‘bifacial’ meristem that provides initials (stem cells) from which phloem cells are derived by mainly periclinal divisions on the outer side and xylem cells on the inner side (Schrader et al., 2004). The xylem cells consist of the water-conducting tracheary elements and the ray cells. Owing to the continual division of cells, the cambium layer slowly moves outwards as the tree increases in girth. As the tree expands in girth, the outer bark then splits or is shed and is replaced by the new outer layer. Wood, or essentially secondary xylem, is formed through an ordered developmental process (xylogenesis) involving cell division, cell expansion (elongation and radial enlargement), cell wall thickening (involving cellulose, hemicellulose, cell wall proteins, and lignin biosynthesis and deposition), programmed cell death and heartwood formation (Figure 1). The coordination of secondary cell wall synthesis and programmed cell death begins well in advance of the execution of cell death, with the approximately concurrent commencement of secondary cell wall synthesis and the production of hydrolytic enzymes. Sap water ascends via the xylem. However, our understanding of how wood develops is far from complete.
Fig. 1. Wood development in aspen (Populus tremula) (adapted after Hertzberg et al., 2001a).
Because wood is formed in a variable environment and subject to developmental control, xylem cells are produced that differ in size, shape, cell wall structure, texture and composition (Plomion, Leprovost & Stokes, 2001). Properties of wood include density, hardness, fiber length, flexibility, durability against attack by insects, fungi and other agents and can vary markedly between dried seasoned- and moist freshly-cut wood. The density of wood depends on the thickness of the fiber walls in relation to the size of the cells' hollow centre. Annual growth rings are a feature of trees that grow in climates where growth virtually ceases for part of the year, such as during cold winter months. In spring, when the trees burst into growth, wood is formed relatively rapidly and the earlywood tracheary elements tend to be large and thin-walled, allowing rapid water conduction at a time when the risk of cavitation (breakage of water columns) is minimal. Later in the season, as tree growth slows, the newly formed tracheary elements are of smaller diameter and thicker-walled. The ring width variable in Norway spruce explains the main part of the density variation (Rozenberg, Franc & Cahalan, 2001). There are consequently many different kinds of wood, yet all wood share common features.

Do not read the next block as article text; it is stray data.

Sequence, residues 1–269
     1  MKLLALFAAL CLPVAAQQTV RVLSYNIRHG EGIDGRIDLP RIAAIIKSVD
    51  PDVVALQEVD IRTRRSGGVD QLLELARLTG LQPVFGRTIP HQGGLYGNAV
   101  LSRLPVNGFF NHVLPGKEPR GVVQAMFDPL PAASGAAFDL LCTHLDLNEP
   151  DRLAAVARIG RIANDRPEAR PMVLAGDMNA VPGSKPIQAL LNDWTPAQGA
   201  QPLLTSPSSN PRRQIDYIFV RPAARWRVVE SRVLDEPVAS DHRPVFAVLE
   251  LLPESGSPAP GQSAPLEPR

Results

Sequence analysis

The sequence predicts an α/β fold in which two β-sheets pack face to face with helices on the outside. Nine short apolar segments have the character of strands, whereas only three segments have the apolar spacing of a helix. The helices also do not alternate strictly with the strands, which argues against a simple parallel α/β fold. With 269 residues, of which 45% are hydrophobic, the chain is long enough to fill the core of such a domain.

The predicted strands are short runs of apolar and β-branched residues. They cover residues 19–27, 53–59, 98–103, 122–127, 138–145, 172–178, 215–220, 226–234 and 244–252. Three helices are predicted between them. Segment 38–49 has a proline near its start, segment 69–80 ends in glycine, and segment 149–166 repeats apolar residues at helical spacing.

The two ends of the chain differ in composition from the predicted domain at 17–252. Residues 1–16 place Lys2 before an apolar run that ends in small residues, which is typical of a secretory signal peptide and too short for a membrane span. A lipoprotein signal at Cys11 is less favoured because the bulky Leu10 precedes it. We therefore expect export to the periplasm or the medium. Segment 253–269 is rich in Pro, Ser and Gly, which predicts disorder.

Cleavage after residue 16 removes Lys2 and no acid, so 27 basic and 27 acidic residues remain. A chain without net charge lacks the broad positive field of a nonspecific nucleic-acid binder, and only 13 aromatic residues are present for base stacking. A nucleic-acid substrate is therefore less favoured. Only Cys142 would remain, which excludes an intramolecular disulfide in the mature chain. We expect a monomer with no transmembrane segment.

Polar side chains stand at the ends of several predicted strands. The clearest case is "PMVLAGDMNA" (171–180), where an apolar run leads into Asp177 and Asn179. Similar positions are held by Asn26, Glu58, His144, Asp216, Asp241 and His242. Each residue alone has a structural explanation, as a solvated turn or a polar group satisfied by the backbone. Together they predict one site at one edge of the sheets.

Cell walls constitute the main component of wood. Synthesis of cell wall components often represents a great part of the overall cellular carbohydrate metabolism. The three main constituents of the cell wall are cellulose, hemicellulose and lignin, making up the bulk of the lignocellulose matrix. Cell wall metabolisms can be described in terms of two pools of metabolic intermediates linked by reversible reactions. Metabolites can be added to or withdrawn from these pools to serve the needs of various anabolic and catabolic pathways. One of these pools is composed of hexose phosphates, the other of penthose phosphate pathway intermediates, the triose phosphates glyceraldehyde 3-phosphate and dihydroxyacetone phosphate. The direction of flow through these pools depends on the requirements of the cell. The biosynthesis of cellulose and hemicellulose is closely linked to the hexose phosphate pool, whereas the lignins derive from erythrose 4-phosphate and phosphoenolpyruvat. In addition, there are
some minor constituents including proteins, lignans, flavonoids, isoflavonoids, tannins etc., which according to their differential deposition contribute to the overall properties of the wood.
Plants, unlike other organisms, have an extra compartment where carbohydrates are metabolized, the plastids. Carbohydrate metabolism in the cytosol is connected with plastid metabolism by a series of carriers in the plastid envelope.
Furthermore, plants have inherent flexibility in their metabolism owing to the requirement of the plant to withstand changes in the external environment. Often, several enzymes can bypass an otherwise principal reaction, although the exact control mechanisms often are not completely elucidated. Metabolite pools in the cytosolic and plastid compartments communicate by way of highly specific carrier proteins. The hexose phosphate pool contributes intermediates to glycolysis and many other processes.
As the plant grows, the elongation of the cells depends on the relation between the internal turgor pressure and strength of the cell wall. At the same time, the cell wall must be resilient enough to withstand the pressure it is subjected to transporting water from the roots to the foliage without collapsing. In this, plant cell expansion requires the integration of local wall loosening and the controlled deposition of new wall materials (Shpigel et al., 1998) which process is poorly understood.
Different kinds of wood Sapwood and heartwood